Kate Weinberg’s debut novel, The Truants, pulls dark academia out of the elite and picturesque colleges of America and plunges it into a Brutalist-style university found in the east of England. Jess Walker begins her undergraduate degree enthralled by her enigmatic professor, Lorna Clay, whose class on the master storyteller Agatha Christie sets the scene for the rest of the novel and its mysteries. The Truants is a story about stories, but in particular, it’s about the reliability of our storytellers. Just how much of what they’re telling us is the truth?
In the 1980s, two rookie cops move their blossoming families to the small town of Gillam, just north of New York City. Francis Gleeson and his wife, Lena, try to welcome their new neighbours, Brian and Anne Stanhope, but they receive a frosty reception from Anne. As their families grow side by side, inevitably intertwining, their quiet suburban lives hurtle towards an act that will change all of them forever. Spanning four decades, Ask Again Yes examines relationships of all kinds; marriage, friendship, parent-child relationships. It considers how each of those relationships are tested and how powerful forgiveness can be.
I recently came across the Six For Sunday blog series on AmyJaneAlice’s blog and it looked great fun! Admittedly, I rarely do every prompt for any blog series. Sometimes weeks go past without me participating (that’s a lie, I haven’t done Top 5 Wednesday or Tell Me Something Tuesday in MONTHS) but I always drop in to check out the prompts and try to fit them in if I feel like they’d be interesting to discuss! Six For Sunday, which was created by Steph @ ALittleButALot, has some great prompts coming up so I’m going to try fit them into my schedule. For my first Six For Sunday post, the prompt is ‘Ice Cream and Book Combinations’. I decided to interpret that as ‘if books were ice cream flavours’!
Augusta Hope has never really felt like she belonged, especially not in her small, boring, English town. Too inquisitive for her down-to-earth parents, Augusta clings to the bond she has with her twin sister, Julia, despite them being complete opposites. Half a world away, Parfait is living the small African country of Burundi, dreaming of a better life for himself and his siblings, not all of whom have survived the horrific war that has torn apart his country. A terrible tragedy leaves Augusta even more lost than before, and she sets out on a journey to find out where it is she’s supposed to be.
This week I’m looking back at my favourites reads of the year so far.
It’s here, it’s here, it’s here! I have been so excited for the NEWTs Magical Readathon. OWLs were so much fun so I can’t wait to get stuck back in. You can find my OWLs posts here. As per usual, G at Book Roast has gone over and above with her work on this readathon…
Ella is drifting through her 20s, with the distinct feeling that she’s not where she should be. She watches as her girlfriend, Alix, succeed in her art and make plans to take her work abroad, while Ella herself fails to produce more than one painting a year, despite her similar artist aspirations. Instead, she finds herself bouncing from one care-giving job to another, privy to the most private moments of people in need. She takes on the task of caring for Jill, a client slightly younger than her usual charges who is left mentally diminished following a tragic accident. Ella is struck by the tenderness with which Jill’s husband, Bryn, cares for her, and the quiet friendship that develops between the two of them as Ella returns each day to help where she can. As she continues to observe their marriage each day, Ella finds herself questioning her own relationships with those around her.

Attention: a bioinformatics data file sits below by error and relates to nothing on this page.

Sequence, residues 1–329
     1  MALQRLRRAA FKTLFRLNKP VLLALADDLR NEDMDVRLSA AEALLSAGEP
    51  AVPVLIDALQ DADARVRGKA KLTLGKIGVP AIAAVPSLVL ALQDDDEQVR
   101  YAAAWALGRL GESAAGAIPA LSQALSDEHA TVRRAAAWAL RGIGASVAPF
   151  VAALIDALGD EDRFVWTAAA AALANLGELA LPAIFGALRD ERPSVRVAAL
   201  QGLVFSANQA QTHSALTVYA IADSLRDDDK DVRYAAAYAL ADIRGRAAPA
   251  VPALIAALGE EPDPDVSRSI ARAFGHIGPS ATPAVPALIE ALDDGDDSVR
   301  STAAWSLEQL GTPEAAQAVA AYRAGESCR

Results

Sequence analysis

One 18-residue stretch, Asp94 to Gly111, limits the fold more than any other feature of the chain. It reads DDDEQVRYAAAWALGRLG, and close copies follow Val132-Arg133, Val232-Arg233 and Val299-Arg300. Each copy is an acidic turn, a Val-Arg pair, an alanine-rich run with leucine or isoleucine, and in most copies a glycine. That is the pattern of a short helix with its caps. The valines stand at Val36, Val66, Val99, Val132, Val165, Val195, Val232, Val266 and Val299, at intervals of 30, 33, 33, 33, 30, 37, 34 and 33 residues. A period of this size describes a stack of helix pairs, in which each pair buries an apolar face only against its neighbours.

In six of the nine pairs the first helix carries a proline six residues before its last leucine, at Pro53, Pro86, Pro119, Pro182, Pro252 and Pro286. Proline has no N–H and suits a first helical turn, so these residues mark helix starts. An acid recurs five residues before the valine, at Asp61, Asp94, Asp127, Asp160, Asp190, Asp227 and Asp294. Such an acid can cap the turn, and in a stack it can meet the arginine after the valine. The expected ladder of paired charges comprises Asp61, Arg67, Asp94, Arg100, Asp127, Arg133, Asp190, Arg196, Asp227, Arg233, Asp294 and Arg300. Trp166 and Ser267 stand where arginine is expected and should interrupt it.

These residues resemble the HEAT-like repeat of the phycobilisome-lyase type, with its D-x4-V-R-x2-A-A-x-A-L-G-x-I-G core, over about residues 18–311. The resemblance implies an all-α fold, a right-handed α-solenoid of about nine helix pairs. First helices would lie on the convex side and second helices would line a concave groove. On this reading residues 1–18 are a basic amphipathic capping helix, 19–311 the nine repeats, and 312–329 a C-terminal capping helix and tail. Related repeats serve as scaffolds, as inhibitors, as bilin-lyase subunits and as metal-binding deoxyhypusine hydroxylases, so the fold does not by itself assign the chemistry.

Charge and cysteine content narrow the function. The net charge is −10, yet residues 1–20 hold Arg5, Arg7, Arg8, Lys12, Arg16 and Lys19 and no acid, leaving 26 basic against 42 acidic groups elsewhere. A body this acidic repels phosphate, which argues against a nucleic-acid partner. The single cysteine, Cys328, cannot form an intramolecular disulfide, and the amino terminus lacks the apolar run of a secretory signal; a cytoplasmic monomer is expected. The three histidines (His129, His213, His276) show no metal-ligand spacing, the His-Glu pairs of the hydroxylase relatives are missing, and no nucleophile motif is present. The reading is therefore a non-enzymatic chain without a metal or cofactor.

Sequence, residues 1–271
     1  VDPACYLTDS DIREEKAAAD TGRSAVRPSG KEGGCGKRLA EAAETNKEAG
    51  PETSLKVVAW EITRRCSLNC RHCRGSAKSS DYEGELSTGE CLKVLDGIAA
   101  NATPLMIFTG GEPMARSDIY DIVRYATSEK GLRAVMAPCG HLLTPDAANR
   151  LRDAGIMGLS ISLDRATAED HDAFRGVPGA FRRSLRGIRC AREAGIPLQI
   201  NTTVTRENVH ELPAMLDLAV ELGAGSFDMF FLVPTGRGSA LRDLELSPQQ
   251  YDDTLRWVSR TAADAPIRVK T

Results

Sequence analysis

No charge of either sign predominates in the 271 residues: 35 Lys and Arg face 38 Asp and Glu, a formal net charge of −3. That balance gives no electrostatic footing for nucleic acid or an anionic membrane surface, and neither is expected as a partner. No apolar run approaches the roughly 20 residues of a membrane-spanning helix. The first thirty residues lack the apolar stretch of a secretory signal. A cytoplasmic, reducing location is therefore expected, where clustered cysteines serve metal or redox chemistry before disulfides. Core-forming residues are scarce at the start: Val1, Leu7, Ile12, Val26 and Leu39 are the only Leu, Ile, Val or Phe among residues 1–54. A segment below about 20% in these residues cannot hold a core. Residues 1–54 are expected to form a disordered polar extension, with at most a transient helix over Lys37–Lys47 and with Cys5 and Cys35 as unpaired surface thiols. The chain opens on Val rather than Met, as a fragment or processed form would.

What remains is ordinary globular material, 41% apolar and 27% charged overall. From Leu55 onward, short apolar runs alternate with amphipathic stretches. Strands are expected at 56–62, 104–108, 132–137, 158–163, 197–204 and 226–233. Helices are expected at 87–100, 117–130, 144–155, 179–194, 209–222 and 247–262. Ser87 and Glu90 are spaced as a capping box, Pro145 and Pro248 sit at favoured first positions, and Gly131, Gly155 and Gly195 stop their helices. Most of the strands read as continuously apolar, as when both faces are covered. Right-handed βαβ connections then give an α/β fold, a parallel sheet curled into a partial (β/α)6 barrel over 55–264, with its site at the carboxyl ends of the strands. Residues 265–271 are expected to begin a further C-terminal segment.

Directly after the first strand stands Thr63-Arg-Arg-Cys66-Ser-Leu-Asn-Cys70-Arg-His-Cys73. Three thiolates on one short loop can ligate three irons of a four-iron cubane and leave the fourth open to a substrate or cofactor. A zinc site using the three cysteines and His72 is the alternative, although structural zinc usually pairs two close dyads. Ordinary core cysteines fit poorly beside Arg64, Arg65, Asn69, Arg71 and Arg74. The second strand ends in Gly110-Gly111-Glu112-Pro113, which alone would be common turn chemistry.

I saw this on Isabelle’s blog, Book Wyrm Bites, quite a while back now. This tag was started by Stuart at Always Trust in Books. As usual (because I’m terrible) I won’t tag anyone (I never know who’s already been tagged, who likes to be tagged, who hates it – it fills me with dread) but go ahead and join in if you think it looks fun. Here goes!
I think this tag has become a staple of the summer book-blogging calendar! The tag was first created by booktubers ReadLikeWildfire and Earl Grey Books and has become an annual tag that pops up everywhere during June and July on book blogs. It was one of the first posts I ever did, probably, as I started blogging (on Tumblr) in June of last year. Here’s where you can find last year’s answers (now on this blog). I debated whether I was going to do one at all, especially as I really wanted to do a post looking at my goals and some statistics too (which you can find here!) but the two posts are so different, so I definitely had to do the tag too!
Inspired by the film of the same name, Guillermo del Toro and Cornelia Funke brings this nightmarish fairytale to book form. In Spain during the summer of 1944, the aftermath of the civil war plays out in the forests, in between the trees and under the cover of darkness. Republican rebels hide out in the woods, hunted by the capitán and his soldiers who make an old mill their base. Ofelia and her mother, who is heavily pregnant and very weak, arrive at the mill to be reunited with Captain Vidal, Ofelia’s new stepfather. Most do not take notice of her, the cruel capitán is irritated by her presence, but under the ground, creatures are stirring – they sense the return of the long-lost Princess Moanna. Ofelia discovers an overgrown labyrinth and meets the Fawn, who sets her three tasks to prove she is the missing Princess. Ofelia’s love of fairytales guides her, but things soon become far more sinister than they ever did in her storybooks.